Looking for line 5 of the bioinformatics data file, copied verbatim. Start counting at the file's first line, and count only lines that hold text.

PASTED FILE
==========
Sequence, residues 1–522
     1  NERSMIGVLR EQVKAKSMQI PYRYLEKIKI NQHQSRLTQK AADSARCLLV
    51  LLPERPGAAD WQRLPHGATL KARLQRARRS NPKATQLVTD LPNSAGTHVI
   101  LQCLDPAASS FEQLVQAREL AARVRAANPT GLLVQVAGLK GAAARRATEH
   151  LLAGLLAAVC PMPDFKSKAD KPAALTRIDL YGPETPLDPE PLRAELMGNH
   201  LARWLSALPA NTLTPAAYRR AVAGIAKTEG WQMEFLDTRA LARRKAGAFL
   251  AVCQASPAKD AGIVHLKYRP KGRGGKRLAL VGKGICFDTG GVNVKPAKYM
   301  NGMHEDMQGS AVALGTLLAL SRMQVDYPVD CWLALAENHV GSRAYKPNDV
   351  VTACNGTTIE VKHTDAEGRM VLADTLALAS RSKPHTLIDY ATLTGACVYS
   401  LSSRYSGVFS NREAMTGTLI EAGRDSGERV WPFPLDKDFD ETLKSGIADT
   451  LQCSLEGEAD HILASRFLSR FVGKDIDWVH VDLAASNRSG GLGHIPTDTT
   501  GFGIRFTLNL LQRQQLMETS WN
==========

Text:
   151  LLAGLLAAVC PMPDFKSKAD KPAALTRIDL YGPETPLDPE PLRAELMGNH